5 Ways to Prepare for a Career Change
If there's one thing in life that we're not always prepared for, but will inevitably happen, it is change. And while there are some rare people that you may meet that have stayed in the same position with the same company for many years, chances are that at some point in your life, you may not just change positions within a business, but you may decide that it's time for a whole new career altogether.
Of course, in order for the transition to go smoothly, you must be willing to take the advice of Benjamin Franklin when he said that by failing to prepare, you prepare to fail. So with that said, if you're looking for five ways to prepare for a career change, check these "rules for professional transitioning" out.
Get clarity on the benefits of the career shift. When you're at a point in your life when you want to change over into an entirely different profession, that decision will affect everything about your life and so it's definitely not one that you should make in an emotional state (like because one day you're sick of your boss or mad about your workload). If you're really serious about such a drastic change, go the traditional processing route and get out a legal pad, draw a line down the middle and list all of the pros and cons of both leaving the career that you're in and moving over to the one that you're considering. If the pros on the right side win out, you're on your way.
Do your research. Once you're committed to the decision to go into another career path, it's then time to do your research on things like what positions are available locally in that field (unless, of course, you're open to relocating), how much the position pays (including the starting salary) and what additional education may be required. There's nothing worse than going into a job interview and being totally unprepared for half of what you're being asked about all because you weren't knowledgeable enough, beforehand, about the position that you applied for.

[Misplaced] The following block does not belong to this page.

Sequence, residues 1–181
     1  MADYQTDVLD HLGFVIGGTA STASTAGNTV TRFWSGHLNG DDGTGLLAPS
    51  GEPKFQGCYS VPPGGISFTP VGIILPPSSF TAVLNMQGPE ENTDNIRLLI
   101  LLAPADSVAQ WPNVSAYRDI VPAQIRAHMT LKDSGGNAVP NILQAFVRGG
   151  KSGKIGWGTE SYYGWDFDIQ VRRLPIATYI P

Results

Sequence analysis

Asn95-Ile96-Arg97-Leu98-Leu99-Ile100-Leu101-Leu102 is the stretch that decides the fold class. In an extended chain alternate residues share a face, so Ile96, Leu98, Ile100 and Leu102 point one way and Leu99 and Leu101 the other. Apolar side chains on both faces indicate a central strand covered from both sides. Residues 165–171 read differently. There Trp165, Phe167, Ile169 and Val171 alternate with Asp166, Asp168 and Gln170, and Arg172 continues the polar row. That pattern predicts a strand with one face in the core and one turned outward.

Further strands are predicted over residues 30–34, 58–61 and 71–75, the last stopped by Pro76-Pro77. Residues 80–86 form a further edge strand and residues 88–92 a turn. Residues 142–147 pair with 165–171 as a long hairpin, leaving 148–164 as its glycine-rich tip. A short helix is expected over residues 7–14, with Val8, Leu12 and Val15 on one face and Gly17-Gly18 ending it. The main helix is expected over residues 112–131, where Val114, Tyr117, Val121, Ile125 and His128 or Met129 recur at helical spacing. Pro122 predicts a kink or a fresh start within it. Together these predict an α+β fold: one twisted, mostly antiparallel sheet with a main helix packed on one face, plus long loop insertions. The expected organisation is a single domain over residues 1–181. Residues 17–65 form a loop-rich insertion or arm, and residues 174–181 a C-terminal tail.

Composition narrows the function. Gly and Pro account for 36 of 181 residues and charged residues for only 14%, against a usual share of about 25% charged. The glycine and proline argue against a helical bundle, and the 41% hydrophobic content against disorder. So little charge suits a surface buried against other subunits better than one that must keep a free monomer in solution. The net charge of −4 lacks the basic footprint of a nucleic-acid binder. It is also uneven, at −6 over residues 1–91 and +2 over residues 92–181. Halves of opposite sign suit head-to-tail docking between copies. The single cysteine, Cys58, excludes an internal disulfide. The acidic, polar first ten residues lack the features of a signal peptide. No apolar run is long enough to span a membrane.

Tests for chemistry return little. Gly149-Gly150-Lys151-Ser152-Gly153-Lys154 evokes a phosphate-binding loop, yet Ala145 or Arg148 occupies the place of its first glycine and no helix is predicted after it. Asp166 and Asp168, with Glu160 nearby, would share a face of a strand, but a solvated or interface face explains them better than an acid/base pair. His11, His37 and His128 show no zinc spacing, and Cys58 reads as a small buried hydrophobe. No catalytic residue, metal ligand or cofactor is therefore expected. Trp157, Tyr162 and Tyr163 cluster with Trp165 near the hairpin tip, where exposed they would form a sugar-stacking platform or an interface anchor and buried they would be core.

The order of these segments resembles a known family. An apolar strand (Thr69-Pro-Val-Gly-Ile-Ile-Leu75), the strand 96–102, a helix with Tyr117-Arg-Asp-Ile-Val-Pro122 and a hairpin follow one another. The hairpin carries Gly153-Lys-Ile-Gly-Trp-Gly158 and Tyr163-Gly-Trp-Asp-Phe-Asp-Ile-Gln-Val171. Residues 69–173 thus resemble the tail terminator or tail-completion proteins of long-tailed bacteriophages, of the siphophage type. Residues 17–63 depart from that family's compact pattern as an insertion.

Get a mentor. This one can't be stressed enough. If you were a nurse and you want to become a teacher, find someone who made a similar transition. If you were working in a non-profit and left your job to pursue your education and you now have a masters and want to know the ROI (Return On Investment) as it relates to your degree, try and find someone who has a masters in a similar field. Even with all of the books and online articles in the world, there is nothing like an actual person to guide you through something that they've already experienced so that they can give you the firsthand insight on what to do and what not to do.
Do a couple of internships. For whatever the reason, people seem to think that internships are just for people of traditional college age, but that's simply not the case. Remember that more than anything an internship is to help people gain tangible experience in a field that they are interested in. If you are thinking about being a fashion designer, why not intern at a fashion school? If you want to be a music engineer, there usually lots of studios that will allow you to come and sit in for a few weeks. If you need the college credit, that's cool, but if you are out of school and simply want some experience to put on your resume, if you state that upfront, there are lots of jobs that will be willing to work something out with you.
Be patient. Initially, when people decide to do something new, they're all excited. But after a few months of job searching, if nothing pans out, they're tempted to worry about if they made the best decision. If it's something that you're passionate about and committed to, you made the right choice. You've come this far, so don't let your present circumstances cause you to totally reroute from the future that's right before you. Just be patient as you continue to prepare for what's awaiting you.